|Extracts of the President’s Speech at the Opening of the Award Ceremony for the Daphne Caruana Galizia Prize for Journalism|
|Today, the Daphne Caruana Prize for Journalism was awarded to the journalists from the Pegasus Project coordinated by the Forbidden Stories Consortium. The winner was chosen by an independent jury composed of representatives of the press and civil society from the 27 European member states and representatives of the main European Associations of Journalism. The Prize was initiated by a decision of the Bureau of the European Parliament in December 2019 as a tribute to Daphne Caruana Galizia, a Maltese anti-corruption investigative journalist and blogger who was killed in a car bomb attack in 2017.|
Speaking at the opening of the award ceremony, Parliament President David Sassoli said:
“The murder of Daphne Caruana Galizia was a watershed moment for European journalism, for our politics and our societies, as it touched upon the very core of our European identity.
“An investigative journalist and blogger, Daphne Caruana Galizia shed light on what others wanted to keep in the dark. She was an extraordinary journalist doing a remarkable job, a fierce fighter for democracy – and she paid for that with her life. The fact that reporters are attacked or even killed while exercising their duties is intolerable. Journalists must never fear for their lives because they are doing their jobs.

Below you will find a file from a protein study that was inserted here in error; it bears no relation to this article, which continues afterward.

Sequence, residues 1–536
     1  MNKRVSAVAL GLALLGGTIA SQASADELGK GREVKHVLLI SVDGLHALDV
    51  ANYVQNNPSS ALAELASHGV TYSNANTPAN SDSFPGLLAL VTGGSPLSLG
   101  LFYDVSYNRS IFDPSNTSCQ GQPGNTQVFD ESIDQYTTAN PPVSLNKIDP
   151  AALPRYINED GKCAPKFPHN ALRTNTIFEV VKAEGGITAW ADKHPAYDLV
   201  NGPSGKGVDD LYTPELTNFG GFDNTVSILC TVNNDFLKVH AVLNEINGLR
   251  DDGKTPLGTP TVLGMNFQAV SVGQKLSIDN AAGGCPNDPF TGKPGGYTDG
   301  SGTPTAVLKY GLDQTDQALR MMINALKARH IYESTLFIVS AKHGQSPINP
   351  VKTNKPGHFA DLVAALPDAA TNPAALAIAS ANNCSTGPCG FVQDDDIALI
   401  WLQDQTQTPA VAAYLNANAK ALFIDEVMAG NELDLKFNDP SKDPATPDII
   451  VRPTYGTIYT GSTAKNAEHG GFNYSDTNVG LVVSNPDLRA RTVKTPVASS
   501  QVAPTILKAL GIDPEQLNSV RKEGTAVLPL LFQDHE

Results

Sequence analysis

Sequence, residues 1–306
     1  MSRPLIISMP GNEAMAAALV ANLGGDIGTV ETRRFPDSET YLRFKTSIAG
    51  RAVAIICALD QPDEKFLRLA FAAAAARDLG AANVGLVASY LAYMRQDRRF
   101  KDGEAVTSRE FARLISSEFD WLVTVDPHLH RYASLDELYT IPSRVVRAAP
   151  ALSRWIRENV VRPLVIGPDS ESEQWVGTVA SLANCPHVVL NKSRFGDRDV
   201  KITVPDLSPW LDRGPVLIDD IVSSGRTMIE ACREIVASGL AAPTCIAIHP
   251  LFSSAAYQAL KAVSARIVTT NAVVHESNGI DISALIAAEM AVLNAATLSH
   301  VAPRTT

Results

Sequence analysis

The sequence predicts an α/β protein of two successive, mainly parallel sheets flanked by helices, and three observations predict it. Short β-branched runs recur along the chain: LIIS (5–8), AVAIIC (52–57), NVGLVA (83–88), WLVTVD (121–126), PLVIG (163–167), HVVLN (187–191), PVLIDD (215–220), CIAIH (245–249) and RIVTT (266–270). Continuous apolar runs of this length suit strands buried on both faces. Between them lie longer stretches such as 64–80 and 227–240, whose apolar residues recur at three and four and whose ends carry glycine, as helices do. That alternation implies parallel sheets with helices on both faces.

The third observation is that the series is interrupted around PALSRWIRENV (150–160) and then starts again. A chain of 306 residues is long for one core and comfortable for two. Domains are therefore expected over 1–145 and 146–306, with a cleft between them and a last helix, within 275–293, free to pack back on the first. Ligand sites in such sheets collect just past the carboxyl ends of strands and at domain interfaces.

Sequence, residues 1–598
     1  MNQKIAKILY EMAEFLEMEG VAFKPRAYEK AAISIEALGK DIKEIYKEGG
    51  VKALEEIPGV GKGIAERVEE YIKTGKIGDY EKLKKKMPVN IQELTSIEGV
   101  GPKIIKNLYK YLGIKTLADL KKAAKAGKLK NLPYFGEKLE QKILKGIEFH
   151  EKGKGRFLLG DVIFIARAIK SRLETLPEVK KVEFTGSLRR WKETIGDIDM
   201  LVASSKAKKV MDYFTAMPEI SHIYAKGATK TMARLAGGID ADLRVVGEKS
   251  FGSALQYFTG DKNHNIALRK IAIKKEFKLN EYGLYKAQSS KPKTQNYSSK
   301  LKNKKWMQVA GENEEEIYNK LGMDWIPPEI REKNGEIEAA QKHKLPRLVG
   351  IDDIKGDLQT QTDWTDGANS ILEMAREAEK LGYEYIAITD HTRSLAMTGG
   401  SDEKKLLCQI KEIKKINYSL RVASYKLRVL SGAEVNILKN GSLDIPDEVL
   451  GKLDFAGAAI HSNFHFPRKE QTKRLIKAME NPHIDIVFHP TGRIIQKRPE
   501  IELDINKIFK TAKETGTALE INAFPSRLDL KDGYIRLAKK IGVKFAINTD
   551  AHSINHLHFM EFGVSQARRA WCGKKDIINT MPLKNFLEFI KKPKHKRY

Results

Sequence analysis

“Daphne Caruana Galizia’s death has brought about a resurgence of investigative journalism by colleagues committed to continuing her work. Recent examples, such as the Pandora Papers, have demonstrated the unique power of journalism that is daring and adamant, particularly when carried out in the context of an international consortium. By creating transparency, investigative journalism allows voters to make informed decisions. Protecting and supporting journalists is in the vital interest of democratic societies.
“The European Parliament has always been at the forefront when it comes to defending freedom of expression and information. We have fought for better protection of whistle-blowers, so that those who come forward to disclose information on illegal or harmful activities do not have to fear reprisals. Much more needs to be done in an international context as we think of those who have been living in exile and in prison for years just because they offered the public the information it deserved.
“We are alarmed by the developments in some EU member states where we see more and more attempts to silence critical voices and to influence media institutions, often going along with excessive economic concentration and a decline in pluralism.
“We have to find effective ways to sanction those who restrict media freedom and properly punish those who threaten or attack journalists. Above all, we have to make sure that the rule of law is not undermined in our member states, since this is the backbone of independent journalism. Journalists must be able to rely on authorities to protect and defend their interests, rather than fear them. We owe this to the brave reporters who have been killed.”